“The moment Russia agrees to a ceasefire will be the moment it is on the verge of losing the war,” he told reporters on Wednesday evening. “They (the Russians) will agree to a ceasefire for one purpose: to avoid losing the war. Until then, this war will continue.
Kuleba lobbied for Western powers supply arms to Ukraine as multiple rocket launcher systems and pointed to a “saga” over obtaining Gepard tanks from Germany, among other things his government has discussed with Berlin.
“We clearly understand that Germany will not be a country that leads the process of supplying Ukraine with the heavy weapons that we need,” Kuleba said. “Let’s be clear: if we don’t get heavy weapons, we get killed.”
The result of Ukraine’s efforts is to rally countries around a nascent democracy with ambition to join the European Union – the club of the free world and the free market – in the face of an onslaught from a Russian regime that suppresses dissent and centralizes power in one man: Putin.
Also on many minds in Davos was the Texas school shooting. More broadly, the fight against global warming, a food crisisand cyberattacks by hackers from Russia and elsewhere have revealed how progressive leaders in civil society, business and government have struggled to deal with simultaneous crises.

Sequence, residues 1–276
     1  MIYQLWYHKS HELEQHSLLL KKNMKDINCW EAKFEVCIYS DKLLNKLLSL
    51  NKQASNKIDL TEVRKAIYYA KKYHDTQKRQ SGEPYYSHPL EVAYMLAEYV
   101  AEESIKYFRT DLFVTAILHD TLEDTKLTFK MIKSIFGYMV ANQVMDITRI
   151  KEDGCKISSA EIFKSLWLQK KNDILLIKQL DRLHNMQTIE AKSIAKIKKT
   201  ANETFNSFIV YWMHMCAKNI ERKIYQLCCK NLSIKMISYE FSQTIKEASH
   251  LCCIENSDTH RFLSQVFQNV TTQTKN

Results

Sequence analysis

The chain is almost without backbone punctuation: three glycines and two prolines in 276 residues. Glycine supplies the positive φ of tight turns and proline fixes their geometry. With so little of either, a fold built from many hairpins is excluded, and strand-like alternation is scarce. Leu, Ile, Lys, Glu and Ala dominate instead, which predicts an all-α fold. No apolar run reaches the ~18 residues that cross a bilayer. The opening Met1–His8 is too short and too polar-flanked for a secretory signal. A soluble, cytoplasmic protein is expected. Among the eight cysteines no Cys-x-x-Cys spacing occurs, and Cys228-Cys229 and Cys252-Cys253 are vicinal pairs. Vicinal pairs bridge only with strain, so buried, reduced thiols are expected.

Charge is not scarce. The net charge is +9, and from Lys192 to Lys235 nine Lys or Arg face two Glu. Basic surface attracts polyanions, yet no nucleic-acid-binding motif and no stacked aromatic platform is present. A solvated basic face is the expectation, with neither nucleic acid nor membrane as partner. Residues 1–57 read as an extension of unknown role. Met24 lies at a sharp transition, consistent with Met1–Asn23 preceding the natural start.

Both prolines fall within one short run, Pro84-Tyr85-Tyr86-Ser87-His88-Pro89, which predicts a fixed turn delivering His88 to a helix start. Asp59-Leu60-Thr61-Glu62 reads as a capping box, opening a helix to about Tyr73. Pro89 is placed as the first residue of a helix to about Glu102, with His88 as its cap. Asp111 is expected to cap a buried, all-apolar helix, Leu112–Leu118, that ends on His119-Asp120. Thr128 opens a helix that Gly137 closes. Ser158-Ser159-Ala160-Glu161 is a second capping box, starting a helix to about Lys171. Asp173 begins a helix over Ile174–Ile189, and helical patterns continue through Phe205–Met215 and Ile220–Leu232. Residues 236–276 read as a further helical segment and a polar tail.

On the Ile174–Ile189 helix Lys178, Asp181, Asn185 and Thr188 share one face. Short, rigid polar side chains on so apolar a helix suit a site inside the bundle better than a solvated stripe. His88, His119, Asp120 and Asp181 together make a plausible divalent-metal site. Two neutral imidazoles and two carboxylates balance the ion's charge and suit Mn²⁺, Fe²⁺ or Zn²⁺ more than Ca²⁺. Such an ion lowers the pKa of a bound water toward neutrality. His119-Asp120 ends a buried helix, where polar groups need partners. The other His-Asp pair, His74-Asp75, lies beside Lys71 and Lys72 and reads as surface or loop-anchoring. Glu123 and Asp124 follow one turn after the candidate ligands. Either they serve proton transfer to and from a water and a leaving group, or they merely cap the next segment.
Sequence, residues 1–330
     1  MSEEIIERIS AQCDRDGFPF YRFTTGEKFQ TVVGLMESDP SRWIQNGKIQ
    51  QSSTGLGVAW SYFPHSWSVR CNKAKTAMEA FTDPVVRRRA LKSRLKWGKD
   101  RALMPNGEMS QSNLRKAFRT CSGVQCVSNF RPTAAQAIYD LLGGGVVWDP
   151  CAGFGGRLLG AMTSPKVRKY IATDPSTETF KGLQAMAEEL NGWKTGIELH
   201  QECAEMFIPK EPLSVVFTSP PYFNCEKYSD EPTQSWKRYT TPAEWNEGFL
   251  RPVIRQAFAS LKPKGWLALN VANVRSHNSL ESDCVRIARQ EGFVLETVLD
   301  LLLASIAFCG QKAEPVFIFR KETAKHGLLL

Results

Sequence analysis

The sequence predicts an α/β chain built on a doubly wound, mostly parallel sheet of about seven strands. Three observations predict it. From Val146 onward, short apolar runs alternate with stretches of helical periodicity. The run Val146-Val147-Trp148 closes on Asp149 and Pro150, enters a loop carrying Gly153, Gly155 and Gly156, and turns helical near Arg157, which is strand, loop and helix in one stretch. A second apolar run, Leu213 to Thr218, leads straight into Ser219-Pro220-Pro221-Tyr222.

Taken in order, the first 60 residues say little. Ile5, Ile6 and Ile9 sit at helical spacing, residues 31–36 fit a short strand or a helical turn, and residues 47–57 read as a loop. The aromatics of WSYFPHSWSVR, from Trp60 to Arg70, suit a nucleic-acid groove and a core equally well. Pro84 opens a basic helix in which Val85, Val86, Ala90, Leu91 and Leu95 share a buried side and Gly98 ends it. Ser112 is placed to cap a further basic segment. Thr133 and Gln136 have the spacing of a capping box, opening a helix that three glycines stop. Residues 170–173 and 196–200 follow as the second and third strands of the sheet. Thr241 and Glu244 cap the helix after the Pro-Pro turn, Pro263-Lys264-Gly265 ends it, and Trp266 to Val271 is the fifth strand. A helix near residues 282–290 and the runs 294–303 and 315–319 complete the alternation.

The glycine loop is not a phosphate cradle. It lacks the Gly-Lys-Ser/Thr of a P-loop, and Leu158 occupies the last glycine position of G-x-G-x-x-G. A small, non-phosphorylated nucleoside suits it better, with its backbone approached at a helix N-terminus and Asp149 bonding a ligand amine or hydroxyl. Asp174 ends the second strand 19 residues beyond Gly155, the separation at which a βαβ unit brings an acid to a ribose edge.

Many have spoken of the need to find solutions to the blockade of the Ukrainian port s, preventing sound wheat critical stocksbarley and sunflower oil to go into the world and threat of food insecurity in countries in Africa, the Middle East and Asia. The European Union and the United States have accused Russia of using food as a weapon and say that there have been discussions about the opening of secure maritime corridors.
Russian officials blame Western sanctions or Ukrainian mines at sea.
“This food crisis is real and we need to find solutions,” World Trade Organization Director-General Ngozi Okonjo-Iweala told a trade panel on Wednesday.
Davos sparked ideas from innovators and leaders, but translating them into action could take time, if at all. The meeting is above all a talkfest, and concrete and publicized achievements and announcements have been few this year.
Former US Vice President Al Gore, a leading climate change advocate, briefly denounced failed gun control efforts in the US before trumpeting a new system to monitor greenhouse gas emissions satellite greenhouse. This will increase needed scrutiny and transparency over the burning of carbon and other planet-warming gases by companies, he said.
Gore, who shared a Nobel Peace Prize with the UN’s top body on climate science for their work on climate change, pointed to an initiative known as Climate Trace which combines more than 300 satellites with machine learning to create algorithms and focus on emission hotspots around the world. . Results are scheduled to be released in October for the top 500 emission sources.
“We are about to enter an era of radical transparency,” he said.
AP journalists Peter Prengaman and Kelvin Chan in Davos and Kirsten Grieshaber in Berlin contributed.